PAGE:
Revived club takes stand against sexual assault

After a five-year hiatus, the Student Activists Against Sexual Assault returns.

The organization holds bi-weekly meetings about Title IX rights education. | EARL KUFEN / THE TEMPLE NEWS

Updated at 12:11 a.m. on Oct. 14.

During Ray Epstein’s freshman year, she wanted to join a student organization that addresses sexual assault because of her own experiences.  

She found Student Activists Against Sexual Assault on Owl Connect and became determined to join, but discovered the club was abandoned four years prior. She immediately began the process of reviving the organization and the club resumed a year later. 

“For somebody who barely even knows where their classes are, what buildings are named, that was definitely a struggle,” Epstein, a sophomore English major, said.  

After finding 10 members and reaching out to Title IX Coordinator Andrea Caporale Seiss to be the organization’s faculty sponsor, SAASA was officially reinstated this fall. 

Today, SAASA hosts biweekly informational and event planning sessions, which include media analysis, Title IX rights education and discussions about sexual and domestic rights issues in the news. Through these meetings, SAASA hopes to fill the void of Title IX education on campus by creating a safe space for peer-led discussions on difficult issues related to sexual violence. 

“Knowing your Title IX is so important to me and the only way to know them is for us to teach them,” Epstein said. 

Much of Epstein’s passion for sexual violence activism comes from her own experience with sexual assault.  

“Growing up in Washington DC, I have always been politically active, but my commitment to the anti-sexual violence movement skyrocketed after I was sexually assaulted by my first boyfriend in the 7th grade,” Epstein wrote in a newsletter distributed by SAASA.”The institutional neglect, ignorance, and victim-blaming I faced when coming forward convinced me I had to do something”

The organization’s goal is to eliminate sexual violence on campus by educating students about sexual assault prevention and survivor’s rights, Epstein said. The group hopes to connect with and support survivors of sexual violence through informational meetings and showings of solidarity.  

“I would just hope at least like one person would feel like they have a community here,” said Benjamin Wilcox, senior communication and social influence major and SAASA’s communications chair. 

The organization, which currently has 140 members, wants to use its increased membership as a way of showing solidarity with survivors of sexual violence.  

“We’re really trying to focus on showing strength in numbers, and that’s one of the most important things with sexual assault,” Wilcox said. 

SAASA hopes to visibly show survivors their support by organizing displays, like their Clothesline Project on Oct. 6, in high-traffic areas on campus like the Bell Tower.  

“When you do something by the Bell Tower thousands of people will see it,” Wilcox said. “That’s like a guarantee.” 

The work SAASA is doing with sexual assault advocacy is important, especially on a college campus where sexual assault happens so often, said Bella Kwok, a freshman political science major.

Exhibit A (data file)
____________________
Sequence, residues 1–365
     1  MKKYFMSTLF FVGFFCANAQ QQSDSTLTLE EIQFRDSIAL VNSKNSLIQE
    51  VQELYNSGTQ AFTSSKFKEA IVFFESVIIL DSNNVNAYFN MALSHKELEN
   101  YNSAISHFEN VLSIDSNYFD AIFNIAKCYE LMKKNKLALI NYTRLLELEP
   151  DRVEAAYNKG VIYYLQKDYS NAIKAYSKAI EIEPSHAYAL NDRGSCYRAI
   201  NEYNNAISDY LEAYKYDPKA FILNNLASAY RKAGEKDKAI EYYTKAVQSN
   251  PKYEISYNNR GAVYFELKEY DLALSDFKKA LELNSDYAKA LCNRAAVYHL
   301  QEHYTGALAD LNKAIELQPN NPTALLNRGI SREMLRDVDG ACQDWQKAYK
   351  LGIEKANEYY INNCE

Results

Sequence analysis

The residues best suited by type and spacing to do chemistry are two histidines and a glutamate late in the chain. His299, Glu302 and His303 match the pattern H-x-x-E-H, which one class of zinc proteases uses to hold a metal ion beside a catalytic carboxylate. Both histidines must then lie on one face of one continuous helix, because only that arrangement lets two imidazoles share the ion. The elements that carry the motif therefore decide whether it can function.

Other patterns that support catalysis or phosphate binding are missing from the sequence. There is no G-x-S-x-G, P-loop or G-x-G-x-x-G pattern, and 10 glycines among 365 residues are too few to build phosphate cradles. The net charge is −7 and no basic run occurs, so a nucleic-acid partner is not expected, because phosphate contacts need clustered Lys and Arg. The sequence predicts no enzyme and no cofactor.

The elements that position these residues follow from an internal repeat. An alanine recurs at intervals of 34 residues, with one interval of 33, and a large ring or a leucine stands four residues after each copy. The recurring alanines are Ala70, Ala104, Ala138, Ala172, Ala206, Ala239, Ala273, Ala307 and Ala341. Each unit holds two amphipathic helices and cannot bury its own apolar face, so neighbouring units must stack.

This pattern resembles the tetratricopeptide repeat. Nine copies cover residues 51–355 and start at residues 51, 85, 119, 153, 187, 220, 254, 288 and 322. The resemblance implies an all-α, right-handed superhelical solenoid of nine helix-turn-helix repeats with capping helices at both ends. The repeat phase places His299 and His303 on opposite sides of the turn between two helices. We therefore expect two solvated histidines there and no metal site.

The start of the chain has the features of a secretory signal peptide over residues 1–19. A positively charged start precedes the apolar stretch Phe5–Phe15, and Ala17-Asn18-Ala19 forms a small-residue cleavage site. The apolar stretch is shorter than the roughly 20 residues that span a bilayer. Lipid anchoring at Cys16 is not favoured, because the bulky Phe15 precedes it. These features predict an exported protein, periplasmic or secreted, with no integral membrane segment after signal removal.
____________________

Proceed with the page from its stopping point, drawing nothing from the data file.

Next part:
Kwok, who founded her own sexual assault club during high school, joined SAASA this fall to raise awareness about the issue. 

“It gives students like a support system, just to know that like, there are students who have been through the same thing that you have,” Kwok said. 

Public displays of solidarity like the Clothesline Project help show that SAASA is a peer-led space for students to educate themselves on sexual violence, which is often much more effective than administrative efforts to address these issues, Caporale Seiss said. 

“Organizations like SAASA create a safe space for students to interact with and engage in uncomfortable conversations,” Caporale Seiss said. 

The education that comes from these conversations allows for a more effective response to sexual violence by creating a network of informed students who are more capable of helping each other, Caporale Seiss said. 

Only 12 percent of college students who are sexually assaulted file a police report, and many do not file reports due to a lack of knowledge of the process and their rights as a survivor, according to Know Your IX, an organization dedicated to informing students of their Title IX rights. 

“When something like this happens, students typically go to another student first,” Caporale Seiss said. “So student education on these topics is incredibly important.” 

SAASA has several events planned for the remainder of this year including a partnership with Take Back the Night, a sexual violence advocacy group founded in the 1970s, to organize a march in the spring semester. They also want to organize a “Shatter the Silence” plate-smashing event later this year.  

After large turnouts at meetings and eager participation in the organization, members of SAASA are excited for the future of the club.  

“We are ecstatic at the engagement and support we have been met with by our fellow Owls,” Epstein said. 

A previous version of this story incorrectly quoted Ray Epstein’s comments on her experience with sexual assault.

A previous version of this story incorrectly quoted Ben Wilcox’s comments the importance of individuals knowing their Title IX rights.

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